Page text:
Canada rules — at least for one day in advance of the 39th Toronto International Film Festival in September. On Wednesday, TIFF organizers announced a diverse group of Canadian-made features, documentaries and shorts to be spread among 10 TIFF programs in September.
With David Cronenberg’s Maps to the Stars already named as a Gala, the new titles will play in Special Presentations, Discovery, Masters, TIFF Docs, Midnight Madness, Contemporary World Cinema, Wavelengths, Future Projections, Short Cuts Canada and TIFF Cinematheque. The films, according to festival co-director Piers Handling, were created by a group of “hardworking, talent and visionary” men and women.
The lineup includes Quebec filmmaker Xavier Dolan’s Mommy, which was acclaimed at Cannes and will play in Toronto as a Special Presentation with all the hoopla of a Gala. Other promising Special Presentations from established directors include Denys Arcand’s An Eye for Beauty, Charles Biname’s The Elephant Song, Ruba Nadda’s October Gale and Jacob Tieney’s Preggoland.
The Discovery program will host one of the possible underground hits, Jeffrey St. Jules’ wonky musical Bang Bang Baby. A buzz is developing about the movie, which is set in the 1960s and combines a girl’s dreams of rock stardom with mutations caused by a chemical leak. St. Jules said he has been hyping his idea for a decade at TIFF, ever since he debuted his short, The Sadness of Johnson Joe Jangles, and dreamed big for his first feature. “Now I can finally say: ‘I made this film and it’s premiering at TIFF!’ ”
Another buzz film in discovery is Kyle Thomas’ The Valley Below, set in the badlands of Alberta. Lindsay Mackay’s Wet Bum is a coming-of-age story starring Julia Sarah Stone, one of the four actors singled out as a TIFF Rising Star. Albert Shin’s In Her Place is a co-production of Canada and South Korea. Matthew Denis’ Quebec drama Corbo is set during the rise of the FLQ. Adam MacDonald’s Backcountry is a wilderness drama based on a true story of survival and tragedy.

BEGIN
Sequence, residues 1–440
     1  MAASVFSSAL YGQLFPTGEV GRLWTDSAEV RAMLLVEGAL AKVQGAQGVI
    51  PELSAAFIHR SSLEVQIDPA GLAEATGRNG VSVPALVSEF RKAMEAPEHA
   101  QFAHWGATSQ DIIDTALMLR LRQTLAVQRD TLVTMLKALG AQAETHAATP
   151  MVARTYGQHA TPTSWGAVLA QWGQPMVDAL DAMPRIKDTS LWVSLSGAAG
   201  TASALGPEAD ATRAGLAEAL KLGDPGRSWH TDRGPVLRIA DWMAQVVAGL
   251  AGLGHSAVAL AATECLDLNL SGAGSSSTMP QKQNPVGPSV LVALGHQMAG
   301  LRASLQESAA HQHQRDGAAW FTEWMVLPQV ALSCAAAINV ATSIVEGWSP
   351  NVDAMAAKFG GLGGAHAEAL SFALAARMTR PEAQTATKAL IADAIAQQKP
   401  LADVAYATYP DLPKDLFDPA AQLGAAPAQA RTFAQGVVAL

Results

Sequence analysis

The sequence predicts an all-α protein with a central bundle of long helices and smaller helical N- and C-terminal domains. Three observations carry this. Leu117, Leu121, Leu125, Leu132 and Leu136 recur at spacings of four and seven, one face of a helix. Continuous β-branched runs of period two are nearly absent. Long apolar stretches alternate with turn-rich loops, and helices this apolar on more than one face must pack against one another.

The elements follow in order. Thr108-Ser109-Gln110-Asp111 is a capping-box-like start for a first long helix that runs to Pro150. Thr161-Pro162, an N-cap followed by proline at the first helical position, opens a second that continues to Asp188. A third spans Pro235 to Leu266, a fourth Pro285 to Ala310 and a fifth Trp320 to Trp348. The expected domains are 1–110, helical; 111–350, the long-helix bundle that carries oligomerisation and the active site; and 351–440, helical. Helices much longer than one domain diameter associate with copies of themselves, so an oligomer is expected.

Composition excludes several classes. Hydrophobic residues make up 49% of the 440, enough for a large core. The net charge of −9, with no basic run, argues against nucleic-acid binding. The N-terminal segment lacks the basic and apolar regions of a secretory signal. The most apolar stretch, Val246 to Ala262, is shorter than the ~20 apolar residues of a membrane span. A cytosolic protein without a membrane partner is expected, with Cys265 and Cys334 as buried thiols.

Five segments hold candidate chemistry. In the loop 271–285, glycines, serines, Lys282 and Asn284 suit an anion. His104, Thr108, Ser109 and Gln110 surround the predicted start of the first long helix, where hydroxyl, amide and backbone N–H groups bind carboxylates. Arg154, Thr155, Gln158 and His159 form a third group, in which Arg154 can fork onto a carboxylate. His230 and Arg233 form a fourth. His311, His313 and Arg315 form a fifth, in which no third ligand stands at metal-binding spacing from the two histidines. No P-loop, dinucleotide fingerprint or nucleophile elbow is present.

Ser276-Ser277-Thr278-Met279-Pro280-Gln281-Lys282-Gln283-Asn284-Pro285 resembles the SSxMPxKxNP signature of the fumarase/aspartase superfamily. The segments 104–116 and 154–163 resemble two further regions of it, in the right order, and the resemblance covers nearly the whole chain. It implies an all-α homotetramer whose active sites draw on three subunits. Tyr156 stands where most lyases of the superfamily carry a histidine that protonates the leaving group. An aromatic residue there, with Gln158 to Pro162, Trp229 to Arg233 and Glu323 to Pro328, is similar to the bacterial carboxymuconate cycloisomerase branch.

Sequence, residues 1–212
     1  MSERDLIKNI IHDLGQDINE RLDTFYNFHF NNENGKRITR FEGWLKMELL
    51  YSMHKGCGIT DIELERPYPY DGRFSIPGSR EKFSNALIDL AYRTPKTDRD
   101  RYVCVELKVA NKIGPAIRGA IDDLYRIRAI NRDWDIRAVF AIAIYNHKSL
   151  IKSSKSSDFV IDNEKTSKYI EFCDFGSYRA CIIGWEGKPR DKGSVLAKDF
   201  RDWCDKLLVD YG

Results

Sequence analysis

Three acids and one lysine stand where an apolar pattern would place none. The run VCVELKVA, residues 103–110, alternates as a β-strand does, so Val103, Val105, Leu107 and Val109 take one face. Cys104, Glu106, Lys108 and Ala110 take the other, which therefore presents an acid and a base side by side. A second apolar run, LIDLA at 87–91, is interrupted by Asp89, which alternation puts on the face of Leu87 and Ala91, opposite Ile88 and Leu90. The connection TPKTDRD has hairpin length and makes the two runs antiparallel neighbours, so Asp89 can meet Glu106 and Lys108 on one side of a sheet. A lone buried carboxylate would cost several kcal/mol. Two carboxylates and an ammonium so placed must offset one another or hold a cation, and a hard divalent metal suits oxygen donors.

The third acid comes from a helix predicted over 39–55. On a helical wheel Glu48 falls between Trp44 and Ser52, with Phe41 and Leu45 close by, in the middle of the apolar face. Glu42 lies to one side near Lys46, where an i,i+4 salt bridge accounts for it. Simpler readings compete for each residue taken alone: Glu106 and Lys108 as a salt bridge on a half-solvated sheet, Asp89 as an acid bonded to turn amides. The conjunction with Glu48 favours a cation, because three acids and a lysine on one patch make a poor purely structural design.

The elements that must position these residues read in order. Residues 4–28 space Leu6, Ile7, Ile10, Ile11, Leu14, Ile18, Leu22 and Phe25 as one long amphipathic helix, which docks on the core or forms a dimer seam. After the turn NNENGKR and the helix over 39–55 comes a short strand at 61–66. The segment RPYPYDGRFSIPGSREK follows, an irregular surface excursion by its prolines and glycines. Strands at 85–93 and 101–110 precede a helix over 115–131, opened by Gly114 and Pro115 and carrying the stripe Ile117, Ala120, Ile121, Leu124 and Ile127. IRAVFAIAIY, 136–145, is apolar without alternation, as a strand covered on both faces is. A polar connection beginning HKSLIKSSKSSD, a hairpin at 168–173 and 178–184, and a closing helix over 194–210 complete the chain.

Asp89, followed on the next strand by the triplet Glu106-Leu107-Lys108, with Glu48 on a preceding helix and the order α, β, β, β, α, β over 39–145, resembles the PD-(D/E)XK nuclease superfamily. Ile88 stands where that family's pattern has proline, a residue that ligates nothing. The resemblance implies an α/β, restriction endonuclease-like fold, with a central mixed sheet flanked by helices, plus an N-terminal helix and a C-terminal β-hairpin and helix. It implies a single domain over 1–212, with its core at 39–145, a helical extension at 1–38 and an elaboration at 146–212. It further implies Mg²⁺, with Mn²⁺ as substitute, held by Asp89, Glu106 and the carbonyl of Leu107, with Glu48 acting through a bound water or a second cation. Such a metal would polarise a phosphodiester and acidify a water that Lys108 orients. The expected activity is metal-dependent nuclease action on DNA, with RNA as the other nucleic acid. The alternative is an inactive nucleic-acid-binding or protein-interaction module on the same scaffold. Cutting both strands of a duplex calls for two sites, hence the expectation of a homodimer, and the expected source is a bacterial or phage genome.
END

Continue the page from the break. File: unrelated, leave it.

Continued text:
A single Canadian film is part of Masters — and First Nations filmmaking legend Alanis Obomsawin deserves the title. Due to turn 82 Aug. 31, Obomsawin returns to TIFF with Trick or Treaty?, a cutting NFB documentary about the sad history of treaties between Canadian governments and the First Nations peoples.
“TIFF was the first festival that ever invited me with a film,” Obomsawin recalled about her decades-long association with the festival. As for her new doc, she became emotional talking about the inspiration of First Nations youth: “Young people recognize themselves and their ancestors.”
Another long-time TIFF director returns. Sturla Gunnarsson’s Monsoon will play in TIFF Docs. The film, he said, “is a love letter to India” as it chronicles the chaotic effects of the monsoon season. The last time Gunnarsson had a film in TIFF, he nearly died of Legionnaires’ disease just before winning an award in 2010 for his David Suzuki doc, Force of Nature. Gunnarsson said he was happy just to be around to present another film at the festival which inspired him to become a filmmaker.
Winnipeggers provided the Canadian entry in Midnight Madness. The Editor, co-directed by Matthew Kennedy and Adam Brooks, focuses on a film editor who cuts celluloid with a right hand that has four wooden fingers. And now he is the prime suspect in a murder case.
One film missing from TIFF is Atom Egoyan’s controversial thriller, The Captive, which opens in theatres just before the fest. Egoyan is still part of TIFF 2014, though. He just restored his early drama Speaking Parts for the TIFF Cinematheque series.